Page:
Gators were the prime suspect, but habitat destruction may be the real culprit behind the decline of mottled ducks.
By Wendee Holtcamp
The Texas mottled duck population has taken a beating over the past 40 years, but no one is quite sure why. Is the population reduction due to habitat loss? Predation? Hunting? Alligators? A recent report by The Gulf Coast Joint Venture — a partnership between state and local wildlife agencies and nonprofit organizations — showed a dramatic and consistent downward trend in the mottled duck population between 1966 and 2002. Only in Texas has the population taken a swan dive; in Louisiana there exists no downward trend. “We don’t consider it a crisis yet,” says TPWD waterfowl biologist Mike Rezsutek. “But we’re concerned.”
In a night-time adventure repeated throughout the spring and summer, biologists — including Rezsutek — take an airboat through the back sloughs of J.D. Murphree WMA on the upper coast in search of answers. K.J. Lodrigue is a Texas A&M University graduate student studying whether the coast’s alligators may be a factor. From the airboat, he and the crew perform alligator rodeo — a spotlight illuminates shining reptilian eyes on the water’s surface, and as the boat inches closer, Lodrigue quickly lassoes a big one, wrangling it onto the boat. After the crew has captured several, they head back to the lab where they pump the alligators’ stomachs. Although scientific analysis awaits completion, says Rezsutek, “from what the alligator folks were able to see, mottled ducks don’t appear too often in alligator tummies, and probably are not a major source of mortality — in opposition to what many of the old timers claim.”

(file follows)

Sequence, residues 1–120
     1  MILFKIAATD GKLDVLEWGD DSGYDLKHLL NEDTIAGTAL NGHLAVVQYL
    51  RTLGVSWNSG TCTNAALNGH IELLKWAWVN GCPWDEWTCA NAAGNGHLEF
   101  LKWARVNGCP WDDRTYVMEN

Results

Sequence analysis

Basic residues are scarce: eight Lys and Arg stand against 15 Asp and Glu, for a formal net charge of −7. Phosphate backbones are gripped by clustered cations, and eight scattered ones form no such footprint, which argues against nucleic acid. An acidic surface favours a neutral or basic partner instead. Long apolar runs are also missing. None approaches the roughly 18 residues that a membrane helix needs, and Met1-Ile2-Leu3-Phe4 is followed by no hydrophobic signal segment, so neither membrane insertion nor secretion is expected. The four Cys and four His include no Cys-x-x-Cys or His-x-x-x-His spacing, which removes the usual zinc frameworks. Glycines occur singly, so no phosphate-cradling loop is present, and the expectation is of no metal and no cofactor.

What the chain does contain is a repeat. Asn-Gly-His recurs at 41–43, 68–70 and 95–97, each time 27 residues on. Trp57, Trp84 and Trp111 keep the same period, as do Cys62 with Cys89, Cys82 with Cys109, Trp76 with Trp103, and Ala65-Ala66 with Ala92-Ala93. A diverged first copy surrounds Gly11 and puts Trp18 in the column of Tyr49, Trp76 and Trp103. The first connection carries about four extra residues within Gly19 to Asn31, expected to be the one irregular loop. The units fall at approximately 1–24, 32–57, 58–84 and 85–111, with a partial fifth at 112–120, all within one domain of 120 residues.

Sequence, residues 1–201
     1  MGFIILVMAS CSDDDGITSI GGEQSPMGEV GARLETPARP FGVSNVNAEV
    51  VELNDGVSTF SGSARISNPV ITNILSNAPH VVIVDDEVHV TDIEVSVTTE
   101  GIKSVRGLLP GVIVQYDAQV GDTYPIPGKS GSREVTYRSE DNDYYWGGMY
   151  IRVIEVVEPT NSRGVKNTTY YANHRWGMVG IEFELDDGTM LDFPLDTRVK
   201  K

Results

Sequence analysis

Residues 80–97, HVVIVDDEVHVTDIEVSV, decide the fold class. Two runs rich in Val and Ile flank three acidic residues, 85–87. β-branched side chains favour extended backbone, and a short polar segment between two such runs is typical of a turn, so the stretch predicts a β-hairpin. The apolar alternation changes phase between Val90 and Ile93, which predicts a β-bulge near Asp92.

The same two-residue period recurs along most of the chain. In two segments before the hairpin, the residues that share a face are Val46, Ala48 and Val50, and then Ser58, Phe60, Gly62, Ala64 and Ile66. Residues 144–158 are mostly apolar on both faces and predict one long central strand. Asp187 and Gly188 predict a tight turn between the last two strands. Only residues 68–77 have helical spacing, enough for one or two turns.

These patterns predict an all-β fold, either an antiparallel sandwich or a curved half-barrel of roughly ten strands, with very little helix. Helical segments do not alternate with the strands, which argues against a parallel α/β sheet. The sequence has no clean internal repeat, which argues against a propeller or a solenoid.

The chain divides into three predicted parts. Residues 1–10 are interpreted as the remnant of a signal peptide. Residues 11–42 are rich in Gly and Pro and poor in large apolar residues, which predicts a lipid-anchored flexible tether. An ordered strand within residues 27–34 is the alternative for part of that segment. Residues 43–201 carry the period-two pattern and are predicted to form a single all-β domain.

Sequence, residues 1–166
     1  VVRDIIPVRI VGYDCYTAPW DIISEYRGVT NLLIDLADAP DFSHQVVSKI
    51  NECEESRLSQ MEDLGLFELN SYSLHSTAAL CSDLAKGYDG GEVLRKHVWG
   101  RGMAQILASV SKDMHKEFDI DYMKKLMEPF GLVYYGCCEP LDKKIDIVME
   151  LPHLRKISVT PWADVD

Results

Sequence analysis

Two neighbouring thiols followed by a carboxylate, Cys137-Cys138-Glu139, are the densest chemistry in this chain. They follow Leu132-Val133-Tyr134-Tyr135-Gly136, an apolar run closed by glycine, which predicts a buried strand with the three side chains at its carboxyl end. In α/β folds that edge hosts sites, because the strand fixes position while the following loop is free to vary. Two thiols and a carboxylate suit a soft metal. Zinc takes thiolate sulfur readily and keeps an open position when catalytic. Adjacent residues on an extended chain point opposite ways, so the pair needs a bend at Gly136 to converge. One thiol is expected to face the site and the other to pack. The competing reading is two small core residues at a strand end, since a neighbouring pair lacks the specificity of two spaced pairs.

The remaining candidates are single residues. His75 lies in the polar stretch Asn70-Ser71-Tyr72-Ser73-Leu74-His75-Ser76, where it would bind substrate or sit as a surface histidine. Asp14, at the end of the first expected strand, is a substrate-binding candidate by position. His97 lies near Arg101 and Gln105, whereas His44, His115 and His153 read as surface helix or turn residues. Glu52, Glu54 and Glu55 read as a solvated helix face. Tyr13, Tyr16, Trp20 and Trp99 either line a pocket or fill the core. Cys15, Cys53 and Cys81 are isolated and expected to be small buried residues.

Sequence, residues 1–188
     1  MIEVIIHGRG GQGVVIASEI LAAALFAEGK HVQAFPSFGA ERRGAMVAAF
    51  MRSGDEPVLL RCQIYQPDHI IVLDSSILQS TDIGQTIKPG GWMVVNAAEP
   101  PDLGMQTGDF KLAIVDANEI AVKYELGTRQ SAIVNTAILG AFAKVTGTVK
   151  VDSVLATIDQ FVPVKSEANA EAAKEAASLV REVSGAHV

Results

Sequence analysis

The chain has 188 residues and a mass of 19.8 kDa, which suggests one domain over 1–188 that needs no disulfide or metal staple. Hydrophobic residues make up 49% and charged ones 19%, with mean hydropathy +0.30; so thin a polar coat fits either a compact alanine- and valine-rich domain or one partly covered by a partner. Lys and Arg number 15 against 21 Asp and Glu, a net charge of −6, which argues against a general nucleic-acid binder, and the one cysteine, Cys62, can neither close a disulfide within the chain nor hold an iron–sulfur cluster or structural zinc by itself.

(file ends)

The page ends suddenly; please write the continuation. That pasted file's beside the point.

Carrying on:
In drought conditions, alligators may start to impact mottled duck populations as they concentrate in scarce freshwater. Mottled duck numbers dropped by 50 percent from 2004 to 2005 — and 2005 was a dry year. Such fluctuations are within the observed range for the past few years, but the real concern is that the midwinter counts of mottled ducks have declined from highs of 50,000 - 80,000 in the early 1970s to numbers in the 17,000 - 25,000 range over the past several years. Midwinter counts don’t represent an exact count of the population, but do provide a scientific index of how well the population is faring overall.
Although more studies are needed, the GCJV report suggests that the primary cause of mottled duck decline is lowered nesting success and brood survival rather than adult survival — a number that would be affected by hunting or predation.
Both gators and mottled ducks prefer freshwater marsh, a habitat that has declined due to development and saltwater intrusion. In addition to loss of natural coastal freshwater marsh, fallow rice fields — once common throughout East Texas — provide ideal nesting habitat. But local rice farmers can no longer compete effectively with cheap foreign imports, and former rice fields are being taken over by tallow trees. Rice farming in Jefferson County — where J.D. Murphree WMA lies — declined 35 percent over the last year.
Rezsutek and colleagues will work to improve habitat — whether that means predator removal or ensuring salinity stays below 8ppt (above which is fatal to ducklings). The new USDA Grassland Reserve Program — modeled on the Wetlands Reserve Program — may provide an option to create breeding and nesting grounds. In the end, without more habitat, as Rezsutek says, “It may be that they’ve reached their carrying capacity with what we have left.”
To get a copy of the GCJV report, or if you’re interested in improving your land for mottled ducks, contact Rezsutek at Michael.Rezsutek@tpwd.state.tx.us or (409) 736-2551 x 30.